Historical manuscripts are evaluated in numerous ways depending on the purpose for which the evaluation is taking place. For the purpose of using them as corroborating legal evidence there are the Federal Rules of Evidence. In order to qualify under these rules the documents must meet three criteria:
- They must be in such condition, which creates no suspicion regarding their authenticity.
- They should have been located in a place which they would likely be found if authentic.
- They must have been in existence for at least twenty years.
Dr. John Warwick Montgomery, Dean of the Simon Greenleaf School of Law, applied these rules and concluded,
"Applied to the gospel records, and reinforced by responsible lower criticism, this rule would establish competency in any court of law." 2
Evaluating manuscripts from a literary point of view is another valid analytical approach. C. Sanders, military historian, describes in his book, Introduction to Research in English Literary History, the method by which historic documents are evaluated for authenticity and accuracy. This generally accepted method is composed of three lines of evidence.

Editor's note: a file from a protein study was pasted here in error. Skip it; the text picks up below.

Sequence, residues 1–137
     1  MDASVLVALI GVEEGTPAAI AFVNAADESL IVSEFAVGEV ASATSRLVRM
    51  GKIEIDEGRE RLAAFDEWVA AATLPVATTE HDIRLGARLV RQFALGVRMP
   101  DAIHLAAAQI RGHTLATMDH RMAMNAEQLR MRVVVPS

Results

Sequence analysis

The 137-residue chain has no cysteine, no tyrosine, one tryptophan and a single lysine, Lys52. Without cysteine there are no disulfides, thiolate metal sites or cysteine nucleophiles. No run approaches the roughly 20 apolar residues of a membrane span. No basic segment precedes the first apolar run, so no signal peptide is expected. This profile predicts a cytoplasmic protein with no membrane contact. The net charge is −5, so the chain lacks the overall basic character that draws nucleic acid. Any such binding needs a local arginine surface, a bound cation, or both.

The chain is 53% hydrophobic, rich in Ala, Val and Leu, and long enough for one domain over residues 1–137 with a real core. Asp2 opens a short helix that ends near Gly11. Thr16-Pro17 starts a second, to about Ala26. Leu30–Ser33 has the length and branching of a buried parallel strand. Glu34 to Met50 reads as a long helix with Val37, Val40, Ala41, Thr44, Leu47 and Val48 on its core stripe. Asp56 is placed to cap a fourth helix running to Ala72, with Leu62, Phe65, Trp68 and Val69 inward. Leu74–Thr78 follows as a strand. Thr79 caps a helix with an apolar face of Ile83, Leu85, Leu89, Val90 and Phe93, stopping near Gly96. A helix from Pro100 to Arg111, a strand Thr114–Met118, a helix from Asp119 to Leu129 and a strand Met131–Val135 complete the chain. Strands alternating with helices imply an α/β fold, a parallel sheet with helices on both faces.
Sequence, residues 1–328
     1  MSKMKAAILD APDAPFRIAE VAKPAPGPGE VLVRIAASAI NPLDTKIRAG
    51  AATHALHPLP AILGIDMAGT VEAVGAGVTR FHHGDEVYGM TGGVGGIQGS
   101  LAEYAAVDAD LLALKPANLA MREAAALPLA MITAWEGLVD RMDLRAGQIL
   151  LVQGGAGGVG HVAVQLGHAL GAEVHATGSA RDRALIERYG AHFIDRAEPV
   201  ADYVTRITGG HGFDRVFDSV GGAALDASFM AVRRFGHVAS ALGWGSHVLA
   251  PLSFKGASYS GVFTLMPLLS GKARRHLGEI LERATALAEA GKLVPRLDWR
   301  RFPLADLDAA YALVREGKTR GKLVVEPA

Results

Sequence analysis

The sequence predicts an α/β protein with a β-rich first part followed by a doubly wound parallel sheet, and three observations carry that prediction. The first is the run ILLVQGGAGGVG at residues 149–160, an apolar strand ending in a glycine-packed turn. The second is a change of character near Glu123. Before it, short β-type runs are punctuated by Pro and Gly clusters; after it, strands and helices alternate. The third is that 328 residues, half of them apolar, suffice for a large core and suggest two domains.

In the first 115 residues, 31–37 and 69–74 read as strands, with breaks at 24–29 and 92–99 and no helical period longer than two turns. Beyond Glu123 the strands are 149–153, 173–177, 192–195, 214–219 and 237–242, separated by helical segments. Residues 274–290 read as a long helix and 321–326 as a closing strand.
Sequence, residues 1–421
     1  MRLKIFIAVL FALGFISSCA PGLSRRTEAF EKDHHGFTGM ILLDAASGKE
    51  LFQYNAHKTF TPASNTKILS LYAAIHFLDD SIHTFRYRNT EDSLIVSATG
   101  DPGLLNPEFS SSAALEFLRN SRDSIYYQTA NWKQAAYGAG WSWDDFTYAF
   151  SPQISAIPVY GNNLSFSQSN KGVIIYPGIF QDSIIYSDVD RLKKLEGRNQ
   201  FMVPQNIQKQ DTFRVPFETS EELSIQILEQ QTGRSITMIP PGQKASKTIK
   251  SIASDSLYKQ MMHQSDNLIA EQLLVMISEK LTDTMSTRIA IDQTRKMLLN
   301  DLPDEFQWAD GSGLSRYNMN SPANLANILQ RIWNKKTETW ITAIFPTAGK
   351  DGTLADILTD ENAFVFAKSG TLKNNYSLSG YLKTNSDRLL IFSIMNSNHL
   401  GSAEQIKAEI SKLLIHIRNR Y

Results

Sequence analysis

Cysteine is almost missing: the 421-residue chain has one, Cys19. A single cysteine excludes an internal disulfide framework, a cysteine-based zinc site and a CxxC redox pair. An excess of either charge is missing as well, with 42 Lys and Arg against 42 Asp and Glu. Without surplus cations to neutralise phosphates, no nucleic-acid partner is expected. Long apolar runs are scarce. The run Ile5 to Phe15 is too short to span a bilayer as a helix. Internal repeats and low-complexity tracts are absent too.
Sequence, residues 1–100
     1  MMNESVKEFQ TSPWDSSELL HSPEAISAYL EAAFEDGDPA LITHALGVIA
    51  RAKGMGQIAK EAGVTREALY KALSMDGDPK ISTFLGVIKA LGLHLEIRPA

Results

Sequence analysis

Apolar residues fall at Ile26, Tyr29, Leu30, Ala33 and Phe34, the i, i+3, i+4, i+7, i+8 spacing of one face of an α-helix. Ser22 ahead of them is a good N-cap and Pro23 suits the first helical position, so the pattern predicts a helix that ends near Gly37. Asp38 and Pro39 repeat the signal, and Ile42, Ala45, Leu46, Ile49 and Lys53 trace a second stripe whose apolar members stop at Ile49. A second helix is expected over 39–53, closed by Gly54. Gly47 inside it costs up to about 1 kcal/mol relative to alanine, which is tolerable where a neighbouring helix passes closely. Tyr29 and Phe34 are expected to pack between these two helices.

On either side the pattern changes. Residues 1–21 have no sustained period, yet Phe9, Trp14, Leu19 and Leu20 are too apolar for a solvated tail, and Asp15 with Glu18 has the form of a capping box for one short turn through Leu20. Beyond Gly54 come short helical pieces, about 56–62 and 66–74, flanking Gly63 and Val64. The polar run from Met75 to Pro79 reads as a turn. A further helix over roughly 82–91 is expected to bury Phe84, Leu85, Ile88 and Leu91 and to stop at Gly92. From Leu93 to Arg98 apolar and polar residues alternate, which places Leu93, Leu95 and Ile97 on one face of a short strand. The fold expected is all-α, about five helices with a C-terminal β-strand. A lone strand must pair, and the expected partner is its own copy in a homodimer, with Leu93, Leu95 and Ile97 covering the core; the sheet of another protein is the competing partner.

First, the bibliographic test, which demonstrates the textual integrity of the document. Second, the internal evidence test, which examines whether the document is internally congruent. Did first person witnesses write it? Does it contain contradictions? Third, the external evidence test, which tests the claims of the document against external historical and archaeological data. The following pages contain brief descriptions of how each of these tests can be applied to the New Testament manuscripts.